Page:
Despite all of that damning statistical evidence of decline, there remains one huge, mitigating factor that helps explain what’s happened to Harper this season: injuries. On April 25, Harper cracked a three-run triple, punctuating the feat with a head-first slide into third. But that slide resulted in a torn ulnar collateral ligament in his left thumb, an injury that knocked him out of the lineup for more than two months. At the time of the injury, Harper was hitting .289/.352/.422, solid numbers in today’s increasingly pitcher-friendly environment, even if they were a little short of the annual sky-high expectations that fans and pundits have for him. Since returning from the DL, however, Harper has been terrible. In 141 plate appearances spread over 36 games, he’s batted just .230, with a .329 on-base percentage and an anemic .352 slugging average. He’s hit just four homers in that span, and has posted a 36.1 percent strikeout rate that would lead the majors by a wide margin if prorated over the entire season.

There are two bits of positive spin here: The first is that Harper’s thumb has severely limited his productivity, the same way similar injuries did for top hitters like Dustin Pedroia and others. A return to health, whether this season or in 2015, would presumably allow Harper to better tap into his vast potential and become the hitting star and MVP candidate that the baseball world expects him to be. The second is that he might finally be turning things around. The above tables didn’t account for last night’s game, in which Harper smacked a two-run homer, his second in five games and sixth hit in that span.

Still, until Harper fully rediscovers his 2012 form, doubts will linger. We’ll wonder if his all-out playing style could result in more injuries, like when hesmashed into the wall at Dodger Stadium last year, an incident that incredibly only cost him a couple of starts but could have been much worse. And we’ll wonder if anointing Harper as “Baseball’s Chosen One” when he was 16 years old might’ve been a case of way too much, way too soon.

He’s still just 21 years old, and he’s still on that OPS+ list with some of the greatest hitters of all time. The smart money’s still on Harper becoming a star, even if it doesn’t feel that way right now.




“You could say it's because I come from a small town with envious people,” 

Pirates' Locke cleared of game-fixing allegations



By Rob Biertempfel

Wednesday, Aug. 13, 2014,


DETROIT — Pirates left-hander Jeff Locke wonders why a former childhood friend whom he hasn't seen in years would tell people Locke threw games at the behest of sports bettors during the 2012 season.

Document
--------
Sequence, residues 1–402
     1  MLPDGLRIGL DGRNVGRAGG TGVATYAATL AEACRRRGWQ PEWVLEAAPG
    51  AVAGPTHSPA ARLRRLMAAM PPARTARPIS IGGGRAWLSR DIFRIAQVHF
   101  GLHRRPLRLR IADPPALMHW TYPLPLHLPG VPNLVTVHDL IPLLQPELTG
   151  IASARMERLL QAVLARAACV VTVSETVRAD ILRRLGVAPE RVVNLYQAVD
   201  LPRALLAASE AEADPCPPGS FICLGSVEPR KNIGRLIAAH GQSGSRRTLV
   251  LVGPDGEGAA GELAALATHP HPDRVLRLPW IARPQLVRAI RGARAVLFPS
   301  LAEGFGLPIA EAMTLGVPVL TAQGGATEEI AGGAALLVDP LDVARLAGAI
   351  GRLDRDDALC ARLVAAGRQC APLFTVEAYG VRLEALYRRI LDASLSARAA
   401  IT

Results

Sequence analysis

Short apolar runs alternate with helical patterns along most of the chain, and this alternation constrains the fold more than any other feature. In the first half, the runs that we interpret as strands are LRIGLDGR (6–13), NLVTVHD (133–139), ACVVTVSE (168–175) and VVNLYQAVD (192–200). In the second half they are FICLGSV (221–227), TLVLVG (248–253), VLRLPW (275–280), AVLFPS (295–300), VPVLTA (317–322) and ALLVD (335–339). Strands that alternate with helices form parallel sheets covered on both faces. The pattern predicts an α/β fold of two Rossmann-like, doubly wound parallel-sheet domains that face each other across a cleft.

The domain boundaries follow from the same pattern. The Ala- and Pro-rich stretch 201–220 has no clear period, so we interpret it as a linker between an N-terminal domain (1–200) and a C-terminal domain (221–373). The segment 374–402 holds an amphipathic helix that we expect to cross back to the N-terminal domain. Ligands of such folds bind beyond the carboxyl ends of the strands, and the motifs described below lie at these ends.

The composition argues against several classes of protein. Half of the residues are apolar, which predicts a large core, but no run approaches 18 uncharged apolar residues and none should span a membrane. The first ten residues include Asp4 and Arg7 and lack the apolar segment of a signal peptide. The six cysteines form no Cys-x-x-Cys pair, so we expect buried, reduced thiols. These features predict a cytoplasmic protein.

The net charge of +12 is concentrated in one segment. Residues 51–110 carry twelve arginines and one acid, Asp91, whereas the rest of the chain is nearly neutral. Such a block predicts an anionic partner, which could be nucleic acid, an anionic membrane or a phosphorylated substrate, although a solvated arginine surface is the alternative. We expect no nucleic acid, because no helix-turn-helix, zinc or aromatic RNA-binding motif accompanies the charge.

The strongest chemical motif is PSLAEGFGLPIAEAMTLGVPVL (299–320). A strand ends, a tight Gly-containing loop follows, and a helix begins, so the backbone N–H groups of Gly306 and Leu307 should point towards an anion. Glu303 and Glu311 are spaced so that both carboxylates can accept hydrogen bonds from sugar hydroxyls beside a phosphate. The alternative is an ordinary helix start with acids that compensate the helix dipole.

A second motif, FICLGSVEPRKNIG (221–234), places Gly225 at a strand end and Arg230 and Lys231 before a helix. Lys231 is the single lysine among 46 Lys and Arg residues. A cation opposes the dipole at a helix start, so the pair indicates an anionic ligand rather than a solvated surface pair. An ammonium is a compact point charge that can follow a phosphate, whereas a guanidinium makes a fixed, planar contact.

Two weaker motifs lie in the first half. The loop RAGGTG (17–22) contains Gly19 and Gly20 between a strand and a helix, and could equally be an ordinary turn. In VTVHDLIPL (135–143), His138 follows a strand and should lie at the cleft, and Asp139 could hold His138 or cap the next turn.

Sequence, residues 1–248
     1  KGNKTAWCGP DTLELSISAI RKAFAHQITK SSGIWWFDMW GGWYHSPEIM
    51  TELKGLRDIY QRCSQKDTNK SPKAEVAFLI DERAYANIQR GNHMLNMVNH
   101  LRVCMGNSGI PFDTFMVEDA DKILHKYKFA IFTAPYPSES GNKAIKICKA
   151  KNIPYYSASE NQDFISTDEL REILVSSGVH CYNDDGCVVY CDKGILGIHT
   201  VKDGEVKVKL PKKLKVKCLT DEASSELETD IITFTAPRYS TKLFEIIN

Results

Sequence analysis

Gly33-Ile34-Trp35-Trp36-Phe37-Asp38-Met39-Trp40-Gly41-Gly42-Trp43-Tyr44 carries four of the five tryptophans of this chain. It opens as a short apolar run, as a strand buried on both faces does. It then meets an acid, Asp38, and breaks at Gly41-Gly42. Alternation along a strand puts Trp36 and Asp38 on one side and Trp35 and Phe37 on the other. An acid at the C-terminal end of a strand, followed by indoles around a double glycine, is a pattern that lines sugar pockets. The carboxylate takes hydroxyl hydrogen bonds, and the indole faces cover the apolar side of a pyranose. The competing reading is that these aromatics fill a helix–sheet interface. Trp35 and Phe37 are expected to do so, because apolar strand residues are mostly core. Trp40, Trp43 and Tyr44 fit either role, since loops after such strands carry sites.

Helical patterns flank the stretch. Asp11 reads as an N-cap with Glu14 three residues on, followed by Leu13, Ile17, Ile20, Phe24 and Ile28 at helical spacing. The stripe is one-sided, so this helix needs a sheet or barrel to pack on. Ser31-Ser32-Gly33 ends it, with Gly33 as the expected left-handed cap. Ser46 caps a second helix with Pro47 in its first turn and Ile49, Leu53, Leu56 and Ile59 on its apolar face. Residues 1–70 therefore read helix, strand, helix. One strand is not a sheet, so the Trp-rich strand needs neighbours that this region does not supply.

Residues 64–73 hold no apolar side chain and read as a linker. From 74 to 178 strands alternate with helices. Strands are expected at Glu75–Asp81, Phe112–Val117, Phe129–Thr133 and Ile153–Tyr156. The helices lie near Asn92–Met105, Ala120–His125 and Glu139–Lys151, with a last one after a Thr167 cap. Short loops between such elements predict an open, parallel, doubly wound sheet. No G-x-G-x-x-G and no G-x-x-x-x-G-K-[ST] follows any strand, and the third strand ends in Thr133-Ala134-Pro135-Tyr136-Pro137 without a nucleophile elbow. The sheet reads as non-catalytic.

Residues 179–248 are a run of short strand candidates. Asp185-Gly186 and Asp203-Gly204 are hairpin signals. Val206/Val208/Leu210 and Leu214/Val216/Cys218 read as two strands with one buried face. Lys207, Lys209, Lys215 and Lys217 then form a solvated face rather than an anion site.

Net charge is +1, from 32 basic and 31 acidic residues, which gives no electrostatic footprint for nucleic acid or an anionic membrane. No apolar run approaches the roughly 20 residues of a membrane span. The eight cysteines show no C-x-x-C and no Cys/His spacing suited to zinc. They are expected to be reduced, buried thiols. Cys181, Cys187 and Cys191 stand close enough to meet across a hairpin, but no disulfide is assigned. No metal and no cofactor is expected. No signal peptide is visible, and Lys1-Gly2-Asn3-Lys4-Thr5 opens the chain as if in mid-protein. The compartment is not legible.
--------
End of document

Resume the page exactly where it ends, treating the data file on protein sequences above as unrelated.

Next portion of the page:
“You could say it's because I come from a small town with envious people,” Locke said. “No one else from there is doing what I do. There's a lot of jealousy.”

According to a story by The Center for Investigative Reporting in the Aug. 18 issue of Sports Illustrated, a sports handicapper named Kris Barr sent text messages claiming Locke intentionally was throwing games during the 2012 season.

An MLB investigation into the game-fixing allegations cleared Locke of wrongdoing.

“Everything came back 100 percent clean,” Locke said.

Pirates spokesman Brian Warecki said the team was aware of the inquiry from the outset and cooperated fully with the league office.

After reading the SI story, which he called “gut-wrenching,” Locke spoke with reporters at Comerica Park before Wednesday's game against the Detroit Tigers.

“This stuff happens,” he said. “It's extremely frustrating for me because I feel I have to defend myself for no reason.”

Barr, 27, of Prescott Valley, Ariz., and Locke, 26, were grade-school pals in Conway, N.H. They drifted apart in 1998 after Barr's mother won the New Hampshire lottery and he moved to Arizona with his family.

Through his website, VIPSportsInvestment.com, Barr handicaps pro football, baseball and basketball games. According to SI, Barr, who also used the alias James Hunter, is alleged to have told at least one prospective client to bet against the Pirates when Locke pitched in 2012.

“My best friend is pitching today. His name is Jeff Locke. He will not have a good day,” said one text from Barr. Another text read: “Tell your biggest people that pirates game today is fixed. My friend will be throwing this game.”

The SI article said Barr carried a grudge after Locke turned down a friend request on Facebook.

MLB assigned senior investigator Rick Burnham to look into Barr's texts. When Burnham confronted Barr on an Arizona highway in February 2013, according to SI, Barr said his texts were only “something stupid” and not an actual conspiracy.

“From the players' association's standpoint, it's kind of scary that someone made accusations about something as toxic as this,” said Bob Lenaghan, assistant general counsel for the MLBPA. “My understanding is the investigation was pretty thorough by both law enforcement and MLB, and there was no evidence at all (of wrongdoing by Locke).”